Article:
Spies and spymasters spend their lives in the wind. dealing in top-secret information.
When things go dark, our body begins to wind down and prepare for sleep.
Increasingly, as these industries develop, on-site solar and wind is a way of guaranteeing a lower price for electricity.
"air in motion," Old English wind. from Proto-Germanic *wendas (cf. Old Saxon, Old Frisian, Middle Dutch, Dutch wind. Old Norse vindr. Old High German wind. German Wind. Gothic winds ), from PIE *we-nt-o- "blowing," from root *we- "to blow" (cf. Sanskrit va-. Greek aemi-. Gothic waian. Old English wawan. Old High German wajan. German wehen. Old Church Slavonic vejati "to blow;" Sanskrit vatah. Avestan vata-. Hittite huwantis. Latin ventus. Old Church Slavonic vetru. Lithuanian vejas "wind;" Lithuanian vetra "tempest, storm;" Old Irish feth "air;" Welsh gwynt. Breton gwent "wind").
Normal pronunciation evolution made this word rhyme with kind and rind (Donne rhymes it with mind ), but it shifted to a short vowel 18c. probably from influence of windy. where the short vowel is natural. A sad loss for poets, who now must rhyme it only with sinned and a handful of weak words. Symbolic of emptiness and vanity
since late 13c. I have forgot much, Cynara! gone with the wind. [Ernest Dowson, 1896] Meaning "breath" is attested from late Old English; especially "breath in speaking" (early 14c.), so long-winded. also "easy or regular breathing" (early 14c.), hence second wind in the figurative sense (by 1830), an image from the sport of hunting.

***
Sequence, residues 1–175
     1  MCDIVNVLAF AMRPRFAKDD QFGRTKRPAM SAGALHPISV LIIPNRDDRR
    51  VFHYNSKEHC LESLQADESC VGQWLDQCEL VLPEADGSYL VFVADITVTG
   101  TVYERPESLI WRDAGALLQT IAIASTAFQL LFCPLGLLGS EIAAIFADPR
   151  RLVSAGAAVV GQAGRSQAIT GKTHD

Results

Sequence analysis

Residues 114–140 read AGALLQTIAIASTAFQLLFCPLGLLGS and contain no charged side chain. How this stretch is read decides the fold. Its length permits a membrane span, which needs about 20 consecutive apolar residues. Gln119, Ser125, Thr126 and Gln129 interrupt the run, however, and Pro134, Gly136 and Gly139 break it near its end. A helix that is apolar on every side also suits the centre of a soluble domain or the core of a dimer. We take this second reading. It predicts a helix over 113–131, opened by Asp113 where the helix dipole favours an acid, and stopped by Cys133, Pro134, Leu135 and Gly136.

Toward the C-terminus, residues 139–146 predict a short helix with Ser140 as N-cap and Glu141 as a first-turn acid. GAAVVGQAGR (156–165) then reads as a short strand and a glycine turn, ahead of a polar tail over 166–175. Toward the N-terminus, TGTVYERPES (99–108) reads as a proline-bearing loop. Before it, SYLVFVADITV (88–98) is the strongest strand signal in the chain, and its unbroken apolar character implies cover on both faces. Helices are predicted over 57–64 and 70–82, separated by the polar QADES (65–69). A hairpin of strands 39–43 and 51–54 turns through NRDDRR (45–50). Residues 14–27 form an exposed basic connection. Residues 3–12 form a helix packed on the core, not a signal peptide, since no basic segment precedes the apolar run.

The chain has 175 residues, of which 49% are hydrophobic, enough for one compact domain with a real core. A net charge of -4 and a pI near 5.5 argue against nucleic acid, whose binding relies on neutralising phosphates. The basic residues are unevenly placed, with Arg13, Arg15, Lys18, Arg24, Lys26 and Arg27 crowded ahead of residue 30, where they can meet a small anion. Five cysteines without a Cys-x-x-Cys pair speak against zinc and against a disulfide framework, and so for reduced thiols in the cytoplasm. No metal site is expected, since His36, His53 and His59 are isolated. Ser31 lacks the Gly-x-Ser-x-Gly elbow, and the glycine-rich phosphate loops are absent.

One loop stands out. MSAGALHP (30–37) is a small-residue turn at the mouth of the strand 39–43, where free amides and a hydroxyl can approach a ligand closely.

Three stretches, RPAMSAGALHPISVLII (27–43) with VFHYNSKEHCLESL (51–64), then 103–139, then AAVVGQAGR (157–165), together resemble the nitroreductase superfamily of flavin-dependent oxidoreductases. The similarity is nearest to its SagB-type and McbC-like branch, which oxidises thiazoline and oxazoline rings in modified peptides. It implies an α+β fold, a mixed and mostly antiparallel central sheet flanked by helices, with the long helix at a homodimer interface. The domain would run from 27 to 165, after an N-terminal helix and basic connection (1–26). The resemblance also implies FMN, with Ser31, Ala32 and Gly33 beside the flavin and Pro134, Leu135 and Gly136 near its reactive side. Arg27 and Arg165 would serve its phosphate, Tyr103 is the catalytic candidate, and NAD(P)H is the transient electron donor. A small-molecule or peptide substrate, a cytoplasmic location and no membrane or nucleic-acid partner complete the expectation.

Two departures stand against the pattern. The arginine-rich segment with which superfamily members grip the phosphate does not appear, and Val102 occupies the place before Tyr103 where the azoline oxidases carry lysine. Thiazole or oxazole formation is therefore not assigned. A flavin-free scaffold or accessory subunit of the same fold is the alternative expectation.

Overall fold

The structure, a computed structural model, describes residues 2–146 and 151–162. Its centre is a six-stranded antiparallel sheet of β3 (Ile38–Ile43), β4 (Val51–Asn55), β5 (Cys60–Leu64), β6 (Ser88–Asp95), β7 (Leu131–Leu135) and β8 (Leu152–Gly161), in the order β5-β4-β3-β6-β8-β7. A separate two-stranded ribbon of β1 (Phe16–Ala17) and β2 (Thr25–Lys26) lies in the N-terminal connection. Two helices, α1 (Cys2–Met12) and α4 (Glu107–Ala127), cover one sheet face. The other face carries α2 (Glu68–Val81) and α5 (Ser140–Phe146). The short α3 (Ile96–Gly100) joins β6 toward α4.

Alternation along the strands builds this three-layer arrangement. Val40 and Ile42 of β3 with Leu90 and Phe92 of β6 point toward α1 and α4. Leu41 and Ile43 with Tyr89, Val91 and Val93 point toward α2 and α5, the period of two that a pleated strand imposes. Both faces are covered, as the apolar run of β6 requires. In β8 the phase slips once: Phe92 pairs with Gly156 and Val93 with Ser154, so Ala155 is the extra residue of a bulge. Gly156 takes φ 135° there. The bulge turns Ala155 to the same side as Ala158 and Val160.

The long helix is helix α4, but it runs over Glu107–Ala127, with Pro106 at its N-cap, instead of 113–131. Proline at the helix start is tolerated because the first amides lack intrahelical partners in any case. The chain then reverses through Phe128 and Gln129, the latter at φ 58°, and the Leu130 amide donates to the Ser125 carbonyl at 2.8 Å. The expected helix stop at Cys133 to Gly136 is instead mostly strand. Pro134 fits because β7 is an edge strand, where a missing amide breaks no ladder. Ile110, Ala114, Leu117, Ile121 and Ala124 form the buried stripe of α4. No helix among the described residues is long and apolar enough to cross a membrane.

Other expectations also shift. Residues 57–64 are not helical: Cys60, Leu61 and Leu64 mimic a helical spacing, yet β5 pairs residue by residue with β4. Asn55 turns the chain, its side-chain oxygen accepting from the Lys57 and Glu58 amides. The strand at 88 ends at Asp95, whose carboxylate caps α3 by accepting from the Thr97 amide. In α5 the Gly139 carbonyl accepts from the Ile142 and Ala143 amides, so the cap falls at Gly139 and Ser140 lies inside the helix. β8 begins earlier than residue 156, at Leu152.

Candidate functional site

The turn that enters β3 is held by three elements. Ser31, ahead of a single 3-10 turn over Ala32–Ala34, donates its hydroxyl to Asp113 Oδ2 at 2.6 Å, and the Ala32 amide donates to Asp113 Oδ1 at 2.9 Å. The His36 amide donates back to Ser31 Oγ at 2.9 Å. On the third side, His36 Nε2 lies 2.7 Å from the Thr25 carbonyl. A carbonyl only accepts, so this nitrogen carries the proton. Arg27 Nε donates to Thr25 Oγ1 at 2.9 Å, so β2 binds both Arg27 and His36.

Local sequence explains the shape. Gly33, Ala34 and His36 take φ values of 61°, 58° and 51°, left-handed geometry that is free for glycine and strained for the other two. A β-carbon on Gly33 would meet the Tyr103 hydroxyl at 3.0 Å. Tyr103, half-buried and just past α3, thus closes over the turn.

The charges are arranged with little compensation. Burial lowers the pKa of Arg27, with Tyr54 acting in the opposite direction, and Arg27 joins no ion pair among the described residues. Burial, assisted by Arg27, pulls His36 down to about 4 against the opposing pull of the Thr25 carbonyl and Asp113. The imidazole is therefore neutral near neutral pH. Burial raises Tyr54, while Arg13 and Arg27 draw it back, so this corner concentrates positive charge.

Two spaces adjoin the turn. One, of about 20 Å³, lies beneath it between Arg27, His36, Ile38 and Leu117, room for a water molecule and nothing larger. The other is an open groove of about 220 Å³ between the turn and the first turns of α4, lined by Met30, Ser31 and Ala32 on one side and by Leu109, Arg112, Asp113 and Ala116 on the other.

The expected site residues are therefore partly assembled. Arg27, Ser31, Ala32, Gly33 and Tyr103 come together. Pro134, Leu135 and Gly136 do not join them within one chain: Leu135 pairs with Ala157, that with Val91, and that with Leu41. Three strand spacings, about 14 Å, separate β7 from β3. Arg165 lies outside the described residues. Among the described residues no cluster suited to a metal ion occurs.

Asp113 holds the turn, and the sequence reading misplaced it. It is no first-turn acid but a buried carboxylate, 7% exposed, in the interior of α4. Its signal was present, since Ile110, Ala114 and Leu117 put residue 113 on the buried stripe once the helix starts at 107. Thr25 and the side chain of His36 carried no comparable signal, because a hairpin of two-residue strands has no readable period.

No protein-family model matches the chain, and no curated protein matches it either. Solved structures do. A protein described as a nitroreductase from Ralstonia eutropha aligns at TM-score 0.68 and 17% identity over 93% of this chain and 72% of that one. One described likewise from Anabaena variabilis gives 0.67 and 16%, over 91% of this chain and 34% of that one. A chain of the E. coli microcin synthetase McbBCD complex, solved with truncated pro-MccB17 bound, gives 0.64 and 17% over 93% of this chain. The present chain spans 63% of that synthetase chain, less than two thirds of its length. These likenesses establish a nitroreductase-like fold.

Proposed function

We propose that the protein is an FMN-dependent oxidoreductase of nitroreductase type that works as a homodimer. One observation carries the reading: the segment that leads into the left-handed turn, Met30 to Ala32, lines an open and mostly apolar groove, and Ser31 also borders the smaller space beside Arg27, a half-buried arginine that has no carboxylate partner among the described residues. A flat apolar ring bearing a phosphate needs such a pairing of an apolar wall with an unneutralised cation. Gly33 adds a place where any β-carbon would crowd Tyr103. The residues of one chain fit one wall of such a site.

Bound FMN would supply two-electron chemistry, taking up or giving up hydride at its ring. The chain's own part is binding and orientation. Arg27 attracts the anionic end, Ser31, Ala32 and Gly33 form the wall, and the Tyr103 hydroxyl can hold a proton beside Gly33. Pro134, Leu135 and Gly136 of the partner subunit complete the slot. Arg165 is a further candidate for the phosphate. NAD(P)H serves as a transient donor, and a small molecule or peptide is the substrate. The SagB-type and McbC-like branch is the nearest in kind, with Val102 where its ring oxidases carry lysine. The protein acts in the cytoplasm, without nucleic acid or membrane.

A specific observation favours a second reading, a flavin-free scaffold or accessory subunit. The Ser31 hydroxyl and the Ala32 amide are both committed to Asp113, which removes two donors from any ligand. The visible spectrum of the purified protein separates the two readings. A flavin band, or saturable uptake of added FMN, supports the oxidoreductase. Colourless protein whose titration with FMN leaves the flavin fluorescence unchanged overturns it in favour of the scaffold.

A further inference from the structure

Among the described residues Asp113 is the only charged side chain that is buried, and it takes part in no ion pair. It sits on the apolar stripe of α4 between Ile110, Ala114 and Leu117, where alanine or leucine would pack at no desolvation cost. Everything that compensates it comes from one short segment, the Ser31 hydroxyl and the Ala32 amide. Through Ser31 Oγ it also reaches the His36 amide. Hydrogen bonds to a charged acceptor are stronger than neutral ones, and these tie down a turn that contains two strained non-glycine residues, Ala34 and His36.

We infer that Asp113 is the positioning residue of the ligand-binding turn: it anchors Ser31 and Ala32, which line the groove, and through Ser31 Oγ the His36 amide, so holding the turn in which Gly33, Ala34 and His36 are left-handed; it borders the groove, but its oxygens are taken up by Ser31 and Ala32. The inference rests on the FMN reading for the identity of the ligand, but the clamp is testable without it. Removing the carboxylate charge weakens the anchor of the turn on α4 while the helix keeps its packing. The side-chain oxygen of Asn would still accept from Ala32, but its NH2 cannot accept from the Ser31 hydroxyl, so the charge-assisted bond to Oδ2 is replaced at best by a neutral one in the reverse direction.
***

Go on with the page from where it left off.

"an act of winding round," 1825, from wind (v.1). Earlier, "an apparatus for winding," late 14c. in which use perhaps from a North Sea Germanic word, e.g. Middle Dutch, Middle Low German winde "windlass."
"move by turning and twisting," Old English windan "to turn, twist, wind" (class III strong verb; past tense wand. past participle wunden ), from Proto-Germanic *wendanan (cf. Old Saxon windan. Old Norse vinda. Old Frisian winda. Dutch winden. Old High German wintan. German winden. Gothic windan "to wind"), from PIE *wendh- "to turn, wind, weave" (cf. Latin viere "twist, plait, weave," vincire "bind;" Lithuanian vyti "twist, wind").
"to perceive by scent, get wind of," early 15c. from wind (n.1). Of horns, etc. "make sound by blowing through," from 1580s. Meaning "tire, put out of breath; render temporarily breathless by a blow or punch" is from 1811, originally in pugilism. Related: Winded ; winding .